As the only rookie to also be up for another major award (Cy Young), Fernandez would seem like a shoo-in if not for the play of a certain young Dodger outfielder, who we will get to shortly. Drafted by the then-Florida Marlins as the 14th overall pick in the 2011 draft, much was expected of the Cuban-born right-hander. Even on a team as offensively inept as the Miami Marlins were this year, Fernandez baffled hitters all seasons long.
In his third start he gave up five earned runs. That would be the most he would yield over his next 25 starts. Fernandez improved all year and posted a 7-1 record with a 1.32 ERA after the All-Star break. That is no small feat given the Marlins offense finished dead last in runs scored. Fernandez posted superb numbers not just for a rookie, but for any pitcher as he finished with a 2.19 ERA, a 0.98 WHIP and 187 K's over 172 2/3 innings ... and at the ripe age of 21 no less. Expect big things from this guy in years to come.
As one of the many talented young arms on the Cardinals, Miller stood out prior to Michael Wacha's late-season heroics. Miller was drafted by St. Louis as the 19th overall pick in the 2009 draft and made his debut in 2012. Even though he pitched mostly out the bullpen last year, he made his first start in the final game of the season and tossed six innings of one-hit, shutout ball with seven strikeouts vs. Cincinnati.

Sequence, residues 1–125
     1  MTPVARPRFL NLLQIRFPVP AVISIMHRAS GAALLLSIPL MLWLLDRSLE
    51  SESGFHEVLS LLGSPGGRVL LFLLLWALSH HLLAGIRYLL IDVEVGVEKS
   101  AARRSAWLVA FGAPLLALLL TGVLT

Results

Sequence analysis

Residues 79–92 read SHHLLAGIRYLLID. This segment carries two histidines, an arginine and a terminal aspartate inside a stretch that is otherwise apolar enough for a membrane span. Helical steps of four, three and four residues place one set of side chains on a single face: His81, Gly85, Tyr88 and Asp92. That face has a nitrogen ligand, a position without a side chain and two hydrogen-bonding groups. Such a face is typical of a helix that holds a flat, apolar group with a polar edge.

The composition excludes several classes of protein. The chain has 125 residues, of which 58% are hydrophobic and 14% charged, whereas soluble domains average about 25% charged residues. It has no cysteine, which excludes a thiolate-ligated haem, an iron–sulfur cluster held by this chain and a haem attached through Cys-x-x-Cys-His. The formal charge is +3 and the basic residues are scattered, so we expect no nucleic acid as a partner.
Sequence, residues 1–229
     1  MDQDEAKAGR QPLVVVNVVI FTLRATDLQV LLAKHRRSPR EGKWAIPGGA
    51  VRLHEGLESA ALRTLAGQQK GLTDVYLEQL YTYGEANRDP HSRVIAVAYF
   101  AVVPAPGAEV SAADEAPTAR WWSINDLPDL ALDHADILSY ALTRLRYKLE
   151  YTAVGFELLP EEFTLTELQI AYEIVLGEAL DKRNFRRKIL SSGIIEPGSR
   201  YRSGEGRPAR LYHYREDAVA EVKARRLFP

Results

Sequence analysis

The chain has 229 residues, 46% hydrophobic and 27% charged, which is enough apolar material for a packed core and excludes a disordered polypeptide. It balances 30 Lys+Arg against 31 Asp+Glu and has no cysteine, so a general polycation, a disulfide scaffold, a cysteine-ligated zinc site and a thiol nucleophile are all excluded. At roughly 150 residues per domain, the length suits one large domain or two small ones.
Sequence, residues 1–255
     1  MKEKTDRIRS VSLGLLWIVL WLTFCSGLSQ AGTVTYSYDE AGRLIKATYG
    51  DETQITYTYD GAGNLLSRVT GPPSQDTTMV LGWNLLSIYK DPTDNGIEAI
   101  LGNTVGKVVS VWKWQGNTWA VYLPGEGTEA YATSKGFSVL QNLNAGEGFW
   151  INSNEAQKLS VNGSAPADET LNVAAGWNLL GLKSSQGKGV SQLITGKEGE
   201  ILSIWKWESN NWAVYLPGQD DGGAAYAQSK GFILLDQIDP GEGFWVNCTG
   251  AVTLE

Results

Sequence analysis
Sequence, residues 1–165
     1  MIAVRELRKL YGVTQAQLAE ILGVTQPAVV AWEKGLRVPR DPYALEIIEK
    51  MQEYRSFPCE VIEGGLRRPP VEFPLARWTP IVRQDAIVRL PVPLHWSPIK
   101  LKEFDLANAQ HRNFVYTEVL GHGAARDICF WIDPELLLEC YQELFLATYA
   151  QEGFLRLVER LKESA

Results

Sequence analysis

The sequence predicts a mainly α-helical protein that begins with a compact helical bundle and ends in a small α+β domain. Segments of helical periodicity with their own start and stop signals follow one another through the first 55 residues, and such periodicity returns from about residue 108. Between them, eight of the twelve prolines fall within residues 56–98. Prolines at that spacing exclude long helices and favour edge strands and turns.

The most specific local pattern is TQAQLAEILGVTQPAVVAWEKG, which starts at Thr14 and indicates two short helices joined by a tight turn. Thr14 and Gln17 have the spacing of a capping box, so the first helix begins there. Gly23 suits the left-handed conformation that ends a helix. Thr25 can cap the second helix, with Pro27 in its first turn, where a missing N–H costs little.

That promising outing landed him in the rotation to start the 2013 season and he picked up right where he left off, winning seven of his first 10 decisions with a 1.91 ERA in that stretch. The highlight was a complete-game shutout against Colorado where Miller only gave up a lead-off single before retiring the next 27 Rockies and finishing with 13 strikeouts. He continued to pitch well as the season progressed and finished 15-9 with a 3.06 ERA, a 1.21 WHIP and 169 K's over 173 1/3 innings. Miller didn't fair too well out of the bullpen in the postseason, but his first full season as a starter speaks for itself.
OK, we are all very familiar with this guy so I won't belabor the point here. Puig is a wild card and plays with an unbridled enthusiasm and flare that made him the focal point of baseball during the dog days of summer, where the season can seem long and unexciting to some. But antics and personality aside, the guy can hit the baseball. Over 104 games, Puig batted .319 with 19 homers, 42 RBI, 66 runs and 11 stolen bases. Very good numbers from the 22-year-old Cuban. While he was criticized early for his lack of patience at the plate, he improved greatly in the season's final months. Over his first 212 plate appearances, Puig walked only 12 times while striking out 51 times. But over his final 220 trips to the plate, he walked 24 times while striking out only 46 times. That is serious improvement over a short period of time. If Puig can continue to refine his game, he will no doubt become a superstar in this league. The Dodgers went 64-32 in his starts on their way to an NL West title.
FOXSports.com winner: Fernandez
Though Puig received most of the attention this year and Miller put up a very solid season, Fernandez was extraordinary and if not for Clayton Kershaw, the Marlins young arm would be the favorite to take home Cy Young honors alongside his ROY.